Hegins man cared for nation's VIPs
Published: November 5, 2009
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HEGINS – While Pennsylvanians reflected this week on their elected officials, one Schuylkill County man met face-to-face with some of our nation’s former VIPs and was entrusted with their care.
Randall Koppenhaver, of Hegins, served as a hospital corpsman at the National Naval Medical Center in Bethesda, MD. During his work in the VIP ward in 1974, he cared for several nationally-known leaders. Among them were Saint Clair native and Medal of Honor winner Vice-Admiral Joel T. Boone; former Vice-President Hubert Humphrey; and the late Rose Mary Woods, the personal secretary to former President Richard Nixon.
But it was the U.S. Navy’s Vice Admiral Boone who cast quite an impression on Koppenhaver. Boone was the assistant physician to presidents Harding and Coolidge and was White House physician to President Hoover.
“He was really remarkable,” Koppenhaver said. “He was pleasant and did his best to keep up his appearance. He looked forward to his morning care and had lots of visitors.”
Some of Koppenhaver’s duties included assisting Boone with his breakfast and providing nursing care from 6 a.m. to 9 a.m., prior to guests’ arrival each day.
“He was very mannerly and polite,” Koppenhaver said, noting the admiral appreciated the special attention paid to keeping his mustache as neatly trimmed as possible.
The admiral’s wife, Helen (Koch) Boone, came to the hospital every day and always wore a hat, Koppenhaver remembers. He struck up a conversation with her, after they both shared their connection to Schuylkill County. Mrs. Boone told Koppenhaver she was originally from Pottsville. The Boone’s only child, a grown daughter named Suzanne, also was frequently by the admiral’s bedside and often brought treats, like macadamia nuts, to the hospital staff.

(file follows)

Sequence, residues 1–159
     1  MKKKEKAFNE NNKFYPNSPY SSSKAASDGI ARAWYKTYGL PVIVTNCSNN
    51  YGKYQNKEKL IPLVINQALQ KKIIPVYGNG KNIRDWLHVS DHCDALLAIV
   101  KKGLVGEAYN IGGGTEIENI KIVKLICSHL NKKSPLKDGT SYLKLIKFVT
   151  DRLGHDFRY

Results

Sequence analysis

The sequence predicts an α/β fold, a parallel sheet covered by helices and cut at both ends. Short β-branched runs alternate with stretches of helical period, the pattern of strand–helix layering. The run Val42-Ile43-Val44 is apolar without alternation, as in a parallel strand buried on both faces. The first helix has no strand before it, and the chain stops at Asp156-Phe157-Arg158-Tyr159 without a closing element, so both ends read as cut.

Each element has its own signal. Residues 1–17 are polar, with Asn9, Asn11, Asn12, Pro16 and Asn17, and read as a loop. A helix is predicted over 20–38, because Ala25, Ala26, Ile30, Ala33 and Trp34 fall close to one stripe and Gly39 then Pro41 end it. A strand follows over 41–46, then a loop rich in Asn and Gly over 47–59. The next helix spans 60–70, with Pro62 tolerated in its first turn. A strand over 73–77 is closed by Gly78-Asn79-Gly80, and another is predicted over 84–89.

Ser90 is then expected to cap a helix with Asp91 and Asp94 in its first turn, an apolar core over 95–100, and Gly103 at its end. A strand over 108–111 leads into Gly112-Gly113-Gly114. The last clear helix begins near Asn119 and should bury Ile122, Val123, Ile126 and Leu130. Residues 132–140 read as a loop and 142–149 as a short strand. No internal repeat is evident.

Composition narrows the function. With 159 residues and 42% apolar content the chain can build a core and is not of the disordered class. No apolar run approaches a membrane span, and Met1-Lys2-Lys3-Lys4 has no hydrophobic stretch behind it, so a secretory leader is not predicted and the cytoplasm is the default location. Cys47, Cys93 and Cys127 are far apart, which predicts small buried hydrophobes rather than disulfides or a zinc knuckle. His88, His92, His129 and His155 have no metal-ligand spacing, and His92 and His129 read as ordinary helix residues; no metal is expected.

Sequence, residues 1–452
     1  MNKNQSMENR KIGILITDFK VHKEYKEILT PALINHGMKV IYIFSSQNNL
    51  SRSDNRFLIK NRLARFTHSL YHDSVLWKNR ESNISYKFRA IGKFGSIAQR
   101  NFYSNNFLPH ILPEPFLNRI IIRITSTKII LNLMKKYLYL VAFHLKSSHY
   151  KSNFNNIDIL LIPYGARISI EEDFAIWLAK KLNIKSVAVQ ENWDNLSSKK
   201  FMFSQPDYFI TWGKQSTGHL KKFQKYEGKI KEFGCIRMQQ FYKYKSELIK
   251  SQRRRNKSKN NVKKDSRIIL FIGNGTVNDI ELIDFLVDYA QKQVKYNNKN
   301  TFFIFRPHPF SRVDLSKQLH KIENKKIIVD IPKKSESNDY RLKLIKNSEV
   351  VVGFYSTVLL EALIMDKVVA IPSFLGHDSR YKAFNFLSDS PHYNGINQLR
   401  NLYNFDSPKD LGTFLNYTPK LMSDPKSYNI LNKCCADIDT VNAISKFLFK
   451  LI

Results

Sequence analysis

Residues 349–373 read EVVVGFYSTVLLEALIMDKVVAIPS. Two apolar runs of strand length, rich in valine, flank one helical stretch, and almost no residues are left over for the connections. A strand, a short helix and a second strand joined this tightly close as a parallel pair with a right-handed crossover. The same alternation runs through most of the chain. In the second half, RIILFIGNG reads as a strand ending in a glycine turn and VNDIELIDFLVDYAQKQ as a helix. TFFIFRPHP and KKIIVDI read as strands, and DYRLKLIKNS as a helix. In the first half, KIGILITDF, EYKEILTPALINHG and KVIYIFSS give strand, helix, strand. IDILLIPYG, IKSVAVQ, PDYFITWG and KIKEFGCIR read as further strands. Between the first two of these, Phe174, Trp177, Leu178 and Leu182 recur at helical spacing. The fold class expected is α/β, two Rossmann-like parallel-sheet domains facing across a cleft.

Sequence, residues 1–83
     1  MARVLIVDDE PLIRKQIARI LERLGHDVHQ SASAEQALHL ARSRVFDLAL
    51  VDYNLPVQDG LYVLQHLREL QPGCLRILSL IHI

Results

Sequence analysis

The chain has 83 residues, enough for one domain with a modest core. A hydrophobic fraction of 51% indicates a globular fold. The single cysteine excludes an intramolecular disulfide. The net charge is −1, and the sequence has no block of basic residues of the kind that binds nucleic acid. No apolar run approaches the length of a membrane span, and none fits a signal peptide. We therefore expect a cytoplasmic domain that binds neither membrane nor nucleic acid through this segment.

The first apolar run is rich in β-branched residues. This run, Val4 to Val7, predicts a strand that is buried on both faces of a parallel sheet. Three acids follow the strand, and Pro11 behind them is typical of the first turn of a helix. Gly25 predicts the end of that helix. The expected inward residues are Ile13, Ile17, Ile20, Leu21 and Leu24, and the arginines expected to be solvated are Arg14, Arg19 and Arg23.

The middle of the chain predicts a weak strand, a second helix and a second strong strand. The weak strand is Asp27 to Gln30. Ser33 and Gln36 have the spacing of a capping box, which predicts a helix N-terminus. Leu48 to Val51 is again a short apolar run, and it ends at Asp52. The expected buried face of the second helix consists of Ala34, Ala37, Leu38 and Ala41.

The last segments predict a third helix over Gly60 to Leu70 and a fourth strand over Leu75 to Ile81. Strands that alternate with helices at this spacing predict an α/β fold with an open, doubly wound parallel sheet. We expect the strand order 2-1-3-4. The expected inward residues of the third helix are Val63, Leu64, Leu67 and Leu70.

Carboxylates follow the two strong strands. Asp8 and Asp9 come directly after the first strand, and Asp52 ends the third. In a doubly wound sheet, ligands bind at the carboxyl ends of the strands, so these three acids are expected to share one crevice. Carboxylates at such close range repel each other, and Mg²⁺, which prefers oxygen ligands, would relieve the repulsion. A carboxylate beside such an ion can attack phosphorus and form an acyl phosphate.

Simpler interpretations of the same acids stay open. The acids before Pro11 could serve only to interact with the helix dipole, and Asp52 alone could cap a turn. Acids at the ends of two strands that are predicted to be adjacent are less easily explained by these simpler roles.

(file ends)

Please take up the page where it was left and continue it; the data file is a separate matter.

In spite of having the responsibility of taking care of one of the U.S.’s prominent admirals, Koppenhaver said he wasn’t nervous about working with Boone. “I felt very comfortable with him.” Boone died April 2, 1974, early in the morning before Koppenhaver arrived to work.
When Koppenhaver found out the community was dedicating the park in Saint Clair in Boone’s honor on Aug. 29, 2009, he decided to attend the celebration on what would have been Boone’s 120th birthday.
“I had hoped I could see Suzanne again, too, but I didn’t know she had died,” Koppenhaver said. He was able to meet Suzanne’s husband, Milton F. Heller, Jr.; her son, Milton F. Heller III; and her grandson, Matthew, at the ceremony.
Realizing the opportunity to contribute to the park, Koppenhaver purchased a fund raising brick in Suzanne’s honor.
He also was asked to speak briefly during the dedication.
Saint Clair Councilwoman Val Davis said Koppenhaver had gone into the Custom Creations card shop on 2nd street earlier on the day of the dedication and she was notified that someone visiting the area had known Adm. Boone.
“Everyone enjoyed that personal touch that he brought,” Davis said of Koppenhaver’s recollections.
Davis said the park had the final inspection from the state on Oct. 20 and it’s completed. Since the dedication, Davis presented Koppenhaver with a video copy of the ceremony and a hat from the USS Boone (frigate ship named in Boone’s honor), as presented by Commander Steven J. Petroff. He also received a copy of Heller’s book about Boone, “The Presidents’ Doctor.”
Koppenhaver worked in the VIP ward for about six months, and then was assigned to a toxicology research lab in Bethesda. He worked in Bethesda from 1971-1976.
Previously, he had Instructor Duty in Great Lakes, IL, where he taught anatomy and physiology for three years.
Koppenhaver later worked in the Fleet Marine Force, Camp Lejeune, NC, and served as a medical department representative. During part of that stint, he was deployed to the Mediterranean.
He served 13 years enlisted as a medic and 11 years commissioned as a medical service corps officer, before retiring from the Navy in 1994.
He’s been employed with the Department of Environmental Protection (DEP) for the last 15 years and currently works as an Air Quality Program Specialist in Asbestos, at DEP’s Bureau of Air Quality, Harrisburg.